Councilors try again to lower Albuquerque pot penalties

ALBUQUERQUE (KRQE) – Should Albuquerque lower the penalties for carrying small amounts of pot? It’s been debated before, but this time, two city councilors think they have new momentum from voters.

“People have spoken,” said Councilor Isaac Benton of Albuquerque City Council.

“We heard loud and clear,” said Councilor Rey Garduño, president of Albuquerque City Council.

However, there’s still one major road block, because the bill may not be able to get past Albuquerque’s mayor.

“I will be vetoing a bill,” said Albuquerque Mayor Richard J. Berry about a similar pot decriminalization bill that came across his desk in 2014.

Those are three opinions over what Albuquerque should do in regards to small amounts of marijuana, something more Americans are changing their mind about. Now for the second time in the last year, city council is expected to decide whether people caught with small amounts of pot should face lower penalties.

“I think so and that’s the hope,” said Garduño about his hopes for passing the new pot penalty bill he’s proposed.

Council President Garduño has proposed the latest ordinance and resolution on pot penalties with fellow councilor Isaac Benton. The new bill would change city ordinance to let police give just a $25 ticket to a person caught with an ounce of pot or less.

“I definitely wanted to support it,” said Councilor Benton.

Councilors backing it say it’s less hassle for people and police officers in dealing with what the councilors call a “low level crime.”

“It’s about allocating our precious police resource,” said Councilor Benton.

“This is to say, young people, we’re not here to catch you, we’re not here to criminalize you,” said Councilor Garduño.

However, Mayor Richard J. Berry vetoed the same type of bill last year.

“Flying in the face of federal and state law, pertaining to the decriminalization and possession of an illegal drug,” said Mayor Berry.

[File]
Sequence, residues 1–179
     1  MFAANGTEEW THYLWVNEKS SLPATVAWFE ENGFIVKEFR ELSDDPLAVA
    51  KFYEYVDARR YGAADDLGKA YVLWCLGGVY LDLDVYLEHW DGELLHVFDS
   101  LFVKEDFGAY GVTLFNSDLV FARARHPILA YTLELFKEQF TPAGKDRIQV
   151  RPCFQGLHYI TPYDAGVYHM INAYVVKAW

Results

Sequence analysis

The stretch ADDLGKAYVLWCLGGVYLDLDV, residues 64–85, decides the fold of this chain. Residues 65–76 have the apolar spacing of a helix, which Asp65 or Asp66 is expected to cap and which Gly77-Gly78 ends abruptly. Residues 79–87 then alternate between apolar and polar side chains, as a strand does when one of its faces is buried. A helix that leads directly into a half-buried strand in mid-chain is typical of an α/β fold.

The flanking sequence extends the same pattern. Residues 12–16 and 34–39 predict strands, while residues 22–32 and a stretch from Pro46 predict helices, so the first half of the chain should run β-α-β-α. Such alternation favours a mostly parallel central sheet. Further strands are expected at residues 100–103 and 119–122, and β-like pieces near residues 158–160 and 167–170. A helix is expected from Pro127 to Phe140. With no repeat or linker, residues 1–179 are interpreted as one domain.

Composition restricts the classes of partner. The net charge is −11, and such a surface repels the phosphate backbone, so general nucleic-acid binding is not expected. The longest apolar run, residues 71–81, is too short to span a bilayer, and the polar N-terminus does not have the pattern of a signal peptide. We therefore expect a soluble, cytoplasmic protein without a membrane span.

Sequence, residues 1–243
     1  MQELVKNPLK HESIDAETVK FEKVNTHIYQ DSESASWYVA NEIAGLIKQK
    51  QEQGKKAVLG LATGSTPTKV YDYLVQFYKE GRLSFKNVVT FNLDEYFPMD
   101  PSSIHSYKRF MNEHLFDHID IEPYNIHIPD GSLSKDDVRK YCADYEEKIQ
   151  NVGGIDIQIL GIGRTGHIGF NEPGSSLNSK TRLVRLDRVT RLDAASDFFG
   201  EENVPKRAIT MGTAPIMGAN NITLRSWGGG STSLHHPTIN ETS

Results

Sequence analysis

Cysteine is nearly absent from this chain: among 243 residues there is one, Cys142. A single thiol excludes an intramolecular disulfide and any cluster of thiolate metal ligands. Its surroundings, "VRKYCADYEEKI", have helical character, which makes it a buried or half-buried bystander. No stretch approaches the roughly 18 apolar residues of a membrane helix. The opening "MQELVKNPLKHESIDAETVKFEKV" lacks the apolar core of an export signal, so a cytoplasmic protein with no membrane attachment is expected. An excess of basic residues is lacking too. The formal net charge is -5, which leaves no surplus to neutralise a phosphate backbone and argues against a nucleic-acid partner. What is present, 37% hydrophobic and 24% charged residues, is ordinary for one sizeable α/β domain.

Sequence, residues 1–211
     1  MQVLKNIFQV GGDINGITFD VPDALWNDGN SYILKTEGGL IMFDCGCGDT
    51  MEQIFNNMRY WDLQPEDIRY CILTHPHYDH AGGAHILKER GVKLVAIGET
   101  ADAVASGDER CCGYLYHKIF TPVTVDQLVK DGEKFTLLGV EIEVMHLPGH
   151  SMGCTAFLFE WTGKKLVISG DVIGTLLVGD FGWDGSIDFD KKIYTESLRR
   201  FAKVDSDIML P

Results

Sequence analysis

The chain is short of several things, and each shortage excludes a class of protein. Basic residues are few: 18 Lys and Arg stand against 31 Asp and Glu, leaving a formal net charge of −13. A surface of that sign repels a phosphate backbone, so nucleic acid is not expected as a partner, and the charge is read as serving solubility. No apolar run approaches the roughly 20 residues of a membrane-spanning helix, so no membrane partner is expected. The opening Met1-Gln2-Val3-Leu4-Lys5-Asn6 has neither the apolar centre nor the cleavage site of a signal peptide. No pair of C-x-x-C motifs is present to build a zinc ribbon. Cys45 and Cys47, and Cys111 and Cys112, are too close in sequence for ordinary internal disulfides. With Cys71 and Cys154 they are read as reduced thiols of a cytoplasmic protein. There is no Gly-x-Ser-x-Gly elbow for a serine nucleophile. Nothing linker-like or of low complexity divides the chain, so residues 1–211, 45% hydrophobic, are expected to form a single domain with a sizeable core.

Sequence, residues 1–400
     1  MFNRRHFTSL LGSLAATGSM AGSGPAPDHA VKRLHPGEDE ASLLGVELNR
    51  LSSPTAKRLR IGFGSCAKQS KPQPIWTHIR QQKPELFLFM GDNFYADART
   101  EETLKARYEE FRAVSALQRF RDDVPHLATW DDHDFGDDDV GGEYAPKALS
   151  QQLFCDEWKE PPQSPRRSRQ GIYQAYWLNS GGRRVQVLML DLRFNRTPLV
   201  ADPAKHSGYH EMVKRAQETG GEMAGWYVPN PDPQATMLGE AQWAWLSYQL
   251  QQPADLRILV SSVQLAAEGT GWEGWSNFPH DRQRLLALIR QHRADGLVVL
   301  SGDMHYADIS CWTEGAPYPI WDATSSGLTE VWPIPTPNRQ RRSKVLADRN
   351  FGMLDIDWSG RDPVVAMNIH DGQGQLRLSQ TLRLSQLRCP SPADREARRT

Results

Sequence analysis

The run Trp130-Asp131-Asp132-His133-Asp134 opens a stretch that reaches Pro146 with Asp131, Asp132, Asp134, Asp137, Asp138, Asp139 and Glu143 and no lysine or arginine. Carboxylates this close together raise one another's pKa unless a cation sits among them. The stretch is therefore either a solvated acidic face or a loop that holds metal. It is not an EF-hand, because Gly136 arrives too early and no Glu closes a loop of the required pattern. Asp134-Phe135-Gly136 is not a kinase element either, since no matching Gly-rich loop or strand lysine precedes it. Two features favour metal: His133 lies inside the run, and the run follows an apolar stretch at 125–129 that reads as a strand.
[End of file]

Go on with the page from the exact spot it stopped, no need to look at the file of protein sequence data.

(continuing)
After the veto, a November “advisory question” (poll question) appeared on the Bernalillo County ballot, asking voters if they would support an effort to decriminalize possession of small amounts of pot. The measure passed with about 60% of the vote.

KRQE News 13 asked Mayor R.J. Berry if the results of that vote have changed his opinion. A spokeswoman for Mayor Berry said the Friday that the Mayor would still veto any similar legislation.

“I do hope that the mayor will reconsider his position,” said Councilor Benton.

The five democratic councilors will likely need one Republican vote to override the mayor’s veto. KRQE News 13 called all four Republicans on the council on Friday night including councilors Dan Lewis, Brad Winter, Trudy Jones and Don Harris. However, none of the councilors returned the calls.

Councilor Garduño’s bill will be introduced to Albuquerque City Council next week. The council is expected to vote on the bill on September 21, 2015 at the earliest. Councilors need six votes to override the mayor’s veto.

KRQE News 13 also asked Albuquerque Police for comment on the proposed ordinance, which calls for making small amounts of marijuana a “low priority” for enforcement. The department says it already is.

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